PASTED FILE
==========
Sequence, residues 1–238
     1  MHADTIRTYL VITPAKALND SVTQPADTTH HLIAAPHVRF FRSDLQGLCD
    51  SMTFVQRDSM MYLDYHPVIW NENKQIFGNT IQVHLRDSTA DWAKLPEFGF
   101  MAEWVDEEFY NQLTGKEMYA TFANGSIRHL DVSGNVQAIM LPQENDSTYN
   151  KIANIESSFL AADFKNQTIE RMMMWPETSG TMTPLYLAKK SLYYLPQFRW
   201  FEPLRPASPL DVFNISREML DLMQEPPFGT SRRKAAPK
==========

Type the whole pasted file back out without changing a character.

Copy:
Sequence, residues 1–238
     1  MHADTIRTYL VITPAKALND SVTQPADTTH HLIAAPHVRF FRSDLQGLCD
    51  SMTFVQRDSM MYLDYHPVIW NENKQIFGNT IQVHLRDSTA DWAKLPEFGF
   101  MAEWVDEEFY NQLTGKEMYA TFANGSIRHL DVSGNVQAIM LPQENDSTYN
   151  KIANIESSFL AADFKNQTIE RMMMWPETSG TMTPLYLAKK SLYYLPQFRW
   201  FEPLRPASPL DVFNISREML DLMQEPPFGT SRRKAAPK